My hunch is that the Bush tax cuts pushed us past some tipping point of optimal taxation and now supply side tax cuts are just draining the economy. We need to get back on the other side of the tipping point.

  34. SussexWatcher says:

    @LE: And I’d just as soon 90 % of em packed up and went the hell back where they came from.

    In reality, most of the growth down here has been retirees, many in trailer parks. They might have a golf cart, but no boat.

  35. Liberal Elite says:

    @SW “And I’d just as soon 90 % of em packed up and went the hell back where they came from.”

    Only 90%?

    What’s the 10% you like? The ones who aren’t liberals?

  36. Dave says:

    Well, I hope I am in the 10%. I bought new home. Does that count? I don’t own boat though because there are only two times when you are glad to have a boat, when you buy it and when you sell it. So, I mooch off other people who have boats.

  37. John Galt says:

    @Puck

    The Clinton tax rates has nothing to do with the economy. What Clinton benifited from (as did Reagan) was the Fed printing money in order to try and stimulate the economy and people finding a place to invest their money. In the case of Clinton it was the dot com bubble and Reagan it was the housing bubble.

    The problem is bubbles bust. Just as now the Fed is printing money faster then we can cut down trees but the next bubble hasn’t emerged. When it does banks will lend out more money then can be paid back and banks will falter and the whole cycle repeats.

    Reagan and Clinton did not do anything to create a roaring economy. The Fed pumped cheap fiat currency into the economy and people were under the illuison of having money. High inflation and another bust is on its way, count on it.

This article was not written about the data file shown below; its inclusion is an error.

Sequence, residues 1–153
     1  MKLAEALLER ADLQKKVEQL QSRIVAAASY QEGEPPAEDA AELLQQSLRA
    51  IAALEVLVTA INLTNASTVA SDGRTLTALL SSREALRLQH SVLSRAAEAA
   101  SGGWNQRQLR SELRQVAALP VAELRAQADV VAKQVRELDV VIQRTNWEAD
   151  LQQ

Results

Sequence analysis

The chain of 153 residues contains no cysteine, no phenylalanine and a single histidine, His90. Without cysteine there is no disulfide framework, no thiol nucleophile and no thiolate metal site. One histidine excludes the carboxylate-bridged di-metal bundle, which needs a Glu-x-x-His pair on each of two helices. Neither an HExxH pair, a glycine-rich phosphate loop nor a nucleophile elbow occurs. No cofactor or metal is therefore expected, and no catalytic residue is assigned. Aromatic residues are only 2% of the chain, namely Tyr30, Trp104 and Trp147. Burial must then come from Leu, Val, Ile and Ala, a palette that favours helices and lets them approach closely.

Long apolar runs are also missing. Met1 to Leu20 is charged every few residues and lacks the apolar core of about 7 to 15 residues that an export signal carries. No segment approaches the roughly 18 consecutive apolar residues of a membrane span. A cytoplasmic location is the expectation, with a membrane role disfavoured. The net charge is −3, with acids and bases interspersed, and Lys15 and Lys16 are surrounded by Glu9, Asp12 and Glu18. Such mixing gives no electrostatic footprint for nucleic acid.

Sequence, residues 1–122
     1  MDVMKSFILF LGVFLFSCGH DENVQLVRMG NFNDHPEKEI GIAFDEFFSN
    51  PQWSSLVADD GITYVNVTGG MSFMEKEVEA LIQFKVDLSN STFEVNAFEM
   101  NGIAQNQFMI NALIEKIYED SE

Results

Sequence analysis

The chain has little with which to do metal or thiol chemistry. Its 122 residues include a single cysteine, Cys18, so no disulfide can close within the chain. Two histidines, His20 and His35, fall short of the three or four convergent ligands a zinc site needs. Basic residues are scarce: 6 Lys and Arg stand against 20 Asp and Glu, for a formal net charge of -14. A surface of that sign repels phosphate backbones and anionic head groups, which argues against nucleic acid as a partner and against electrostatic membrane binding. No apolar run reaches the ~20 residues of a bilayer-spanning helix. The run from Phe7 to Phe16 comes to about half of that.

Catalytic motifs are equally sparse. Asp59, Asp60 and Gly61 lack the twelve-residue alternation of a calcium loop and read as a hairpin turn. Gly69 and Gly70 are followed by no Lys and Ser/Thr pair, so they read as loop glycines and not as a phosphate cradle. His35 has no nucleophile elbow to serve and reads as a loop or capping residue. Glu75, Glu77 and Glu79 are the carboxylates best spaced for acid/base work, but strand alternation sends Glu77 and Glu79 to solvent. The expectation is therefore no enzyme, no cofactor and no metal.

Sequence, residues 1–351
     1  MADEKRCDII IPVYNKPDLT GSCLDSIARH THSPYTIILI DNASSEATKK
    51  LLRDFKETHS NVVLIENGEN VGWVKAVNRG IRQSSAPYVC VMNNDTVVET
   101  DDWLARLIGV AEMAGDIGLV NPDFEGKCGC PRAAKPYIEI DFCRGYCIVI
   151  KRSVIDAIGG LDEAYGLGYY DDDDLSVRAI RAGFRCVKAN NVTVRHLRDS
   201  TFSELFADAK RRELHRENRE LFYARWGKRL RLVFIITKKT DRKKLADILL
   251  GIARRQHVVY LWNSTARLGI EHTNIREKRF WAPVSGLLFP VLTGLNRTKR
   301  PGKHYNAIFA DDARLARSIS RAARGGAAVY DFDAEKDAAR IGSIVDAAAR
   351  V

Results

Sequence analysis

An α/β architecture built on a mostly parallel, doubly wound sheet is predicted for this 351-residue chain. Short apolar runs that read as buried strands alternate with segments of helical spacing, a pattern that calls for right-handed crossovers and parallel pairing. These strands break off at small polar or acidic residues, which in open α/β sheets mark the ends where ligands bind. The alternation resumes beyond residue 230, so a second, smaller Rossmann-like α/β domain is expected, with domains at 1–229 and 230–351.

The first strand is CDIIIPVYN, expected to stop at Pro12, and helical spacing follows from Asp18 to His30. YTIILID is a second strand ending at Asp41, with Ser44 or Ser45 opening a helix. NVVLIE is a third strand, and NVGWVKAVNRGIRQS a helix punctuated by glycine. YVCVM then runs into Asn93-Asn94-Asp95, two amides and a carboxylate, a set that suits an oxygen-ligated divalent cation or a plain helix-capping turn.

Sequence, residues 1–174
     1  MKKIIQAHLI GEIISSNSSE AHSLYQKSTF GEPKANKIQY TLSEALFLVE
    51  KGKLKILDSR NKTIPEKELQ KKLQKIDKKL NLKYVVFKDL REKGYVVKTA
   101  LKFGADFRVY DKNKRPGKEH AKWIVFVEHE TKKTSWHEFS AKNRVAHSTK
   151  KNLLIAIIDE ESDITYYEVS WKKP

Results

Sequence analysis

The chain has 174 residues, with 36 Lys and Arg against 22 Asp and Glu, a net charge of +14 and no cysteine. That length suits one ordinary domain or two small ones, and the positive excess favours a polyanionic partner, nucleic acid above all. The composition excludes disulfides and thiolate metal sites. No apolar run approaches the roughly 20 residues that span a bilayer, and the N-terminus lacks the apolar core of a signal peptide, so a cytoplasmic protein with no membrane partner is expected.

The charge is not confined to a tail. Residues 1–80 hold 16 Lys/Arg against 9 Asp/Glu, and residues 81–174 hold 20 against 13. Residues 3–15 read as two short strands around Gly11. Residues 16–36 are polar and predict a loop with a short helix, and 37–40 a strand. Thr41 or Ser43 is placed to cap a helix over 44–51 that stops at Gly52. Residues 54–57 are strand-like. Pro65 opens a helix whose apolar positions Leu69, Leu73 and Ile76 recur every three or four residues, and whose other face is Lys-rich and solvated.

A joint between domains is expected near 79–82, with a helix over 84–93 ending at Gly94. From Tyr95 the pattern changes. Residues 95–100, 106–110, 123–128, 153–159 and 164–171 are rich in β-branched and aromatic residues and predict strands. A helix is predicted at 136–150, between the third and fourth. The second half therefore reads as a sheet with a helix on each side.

38. Steve Newton says:

    @puck: When you are troubleshooting a system, one of the first things you do is restore the system to its last known good state.

    That boat has sailed, two wars ago plus massive expansions of homeland security spending, defense spending, unpaid Medicare prescription plan etc etc. Bush and Obama didn’t just preside over tax cuts (and, yes, Obama gets credit because he extends them every time), they also presided over massive spending increases.

    Check the record: the military budget went DOWN under Clinton, and spending on Medicare and Medicaid stopped growing as fast as it had previously or would again. In other words, the Clinton tax rates were part of a completely different set of assumptions about government spending than today. Going back to those tax rates will do little if the government does not figure out a way to get the budget under control.

  39. puck says:

    Going back to those tax rates will do little if the government does not figure out a way to get the budget under control.

    I think it will do more than a little. But even if it only does a little, hey – a billion here, a billion there, pretty soon you’re talking about real money.

    Obama DID cut the unpaid-for Medicare prescription plan, and is on his way to cutting expenses across the board including defense. But now Republicans are trying to beat him over the head with it.

    Medicaid expense is of course a function of unemployment and low wages (and long-term care). The solution is jobs, not cuts. Cutting Medicaid benefits won’t solve anything.

    Restoring the 1990s tax cuts isn’t simply about collecting more money. I think the Bush tax cuts especially on investment taxes were so extreme they fundamentally changed business behavior. At 1990s rates of 25% (capital gains) and 39% (dividends), one of the biggest tax avoidance tactics used to be hiring and re-investment. But now at 15% for both, taxes are hardly a consideration.

    Remember, a business can give itself a tax cut any time it wants by hiring people.

    When we raise the investment taxes back, we will get back the tax-avoidance behaviors that used to drive hiring and investment.

  40. puck says:

    “In the case of Clinton it was the dot com bubble and Reagan it was the housing bubble.”

    The dot-com bubble was brief and came at the end of the decade, after years of healthy growth and shared prosperity. Reagan’s employment surge was relatively brief and was driven by borrow-and-spend.